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Courts without law

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Justice Kagan’s dissent in Whole Woman’s Health II focused on the Trump Court’s abuse of the shadow docket:

Without full briefing or argument, and after less than 72 hours’ thought, this Court greenlights the operation of Texas’s patently unconstitutional law banning most abortions. The Court thus rewards Texas’s scheme to insulate its law from judicial review by deputizing private parties to carry out unconstitutional restrictions on the State’s behalf. As of last night, and because of this Court’s ruling, Texas law prohibits abortions for the vast majority of women who seek them—in clear, and indeed undisputed, conflict with Roe and Casey.

Today’s ruling illustrates just how far the Court’s “shadow-docket” decisions may depart from the usual principles of appellate process. That ruling, as everyone must agree, is of great consequence. Yet the majority has acted without any guidance from the Court of Appeals—which is right now considering the same issues. It has reviewed only the most cursory party submissions, and then only hastily. And it barely bothers to explain its conclusion—that a challenge to an obviously unconstitutional abortion regulation backed by a wholly unprecedented enforcement scheme is unlikely to prevail.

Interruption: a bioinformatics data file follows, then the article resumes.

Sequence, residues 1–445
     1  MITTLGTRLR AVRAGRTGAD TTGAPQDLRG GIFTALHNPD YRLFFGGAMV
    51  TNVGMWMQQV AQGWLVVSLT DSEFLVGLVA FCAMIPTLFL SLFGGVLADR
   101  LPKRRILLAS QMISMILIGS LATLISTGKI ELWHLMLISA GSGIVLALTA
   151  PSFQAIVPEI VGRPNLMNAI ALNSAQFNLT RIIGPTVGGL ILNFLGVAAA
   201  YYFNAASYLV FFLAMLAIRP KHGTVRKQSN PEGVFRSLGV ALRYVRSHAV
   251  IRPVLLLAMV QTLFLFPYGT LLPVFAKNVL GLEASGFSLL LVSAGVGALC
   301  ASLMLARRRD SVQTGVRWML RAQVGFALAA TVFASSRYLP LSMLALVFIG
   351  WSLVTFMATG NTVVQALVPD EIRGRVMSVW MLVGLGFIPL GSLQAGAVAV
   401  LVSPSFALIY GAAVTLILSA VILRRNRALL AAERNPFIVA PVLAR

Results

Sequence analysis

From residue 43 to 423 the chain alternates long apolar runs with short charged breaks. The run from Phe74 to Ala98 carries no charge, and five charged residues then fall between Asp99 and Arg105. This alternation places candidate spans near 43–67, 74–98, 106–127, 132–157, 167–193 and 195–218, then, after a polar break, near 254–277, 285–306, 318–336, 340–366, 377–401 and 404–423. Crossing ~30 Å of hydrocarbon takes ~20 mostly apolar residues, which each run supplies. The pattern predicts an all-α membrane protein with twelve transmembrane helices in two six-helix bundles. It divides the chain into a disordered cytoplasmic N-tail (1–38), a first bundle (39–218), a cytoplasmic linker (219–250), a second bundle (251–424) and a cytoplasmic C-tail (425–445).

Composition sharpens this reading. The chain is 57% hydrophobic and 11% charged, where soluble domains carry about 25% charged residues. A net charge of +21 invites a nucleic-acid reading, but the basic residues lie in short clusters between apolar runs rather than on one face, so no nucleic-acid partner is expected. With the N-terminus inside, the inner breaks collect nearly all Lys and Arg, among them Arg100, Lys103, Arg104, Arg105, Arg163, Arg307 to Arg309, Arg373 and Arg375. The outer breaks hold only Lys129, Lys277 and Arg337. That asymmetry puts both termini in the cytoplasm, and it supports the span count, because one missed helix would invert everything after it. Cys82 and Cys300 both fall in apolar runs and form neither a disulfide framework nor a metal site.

In all these ways, the majority’s decision is emblematic of too much of this Court’s shadow-
docket decisionmaking—which every day becomes more unreasoned, inconsistent, and impossible to defend.

I could write a book, but the form of judicial review currently entrenched in the United States — a life-tenured majority represented a minority faction routinely overruling decades-old precedents and important laws based on unreasoned whim — is not in any way consistent with democratic principles.

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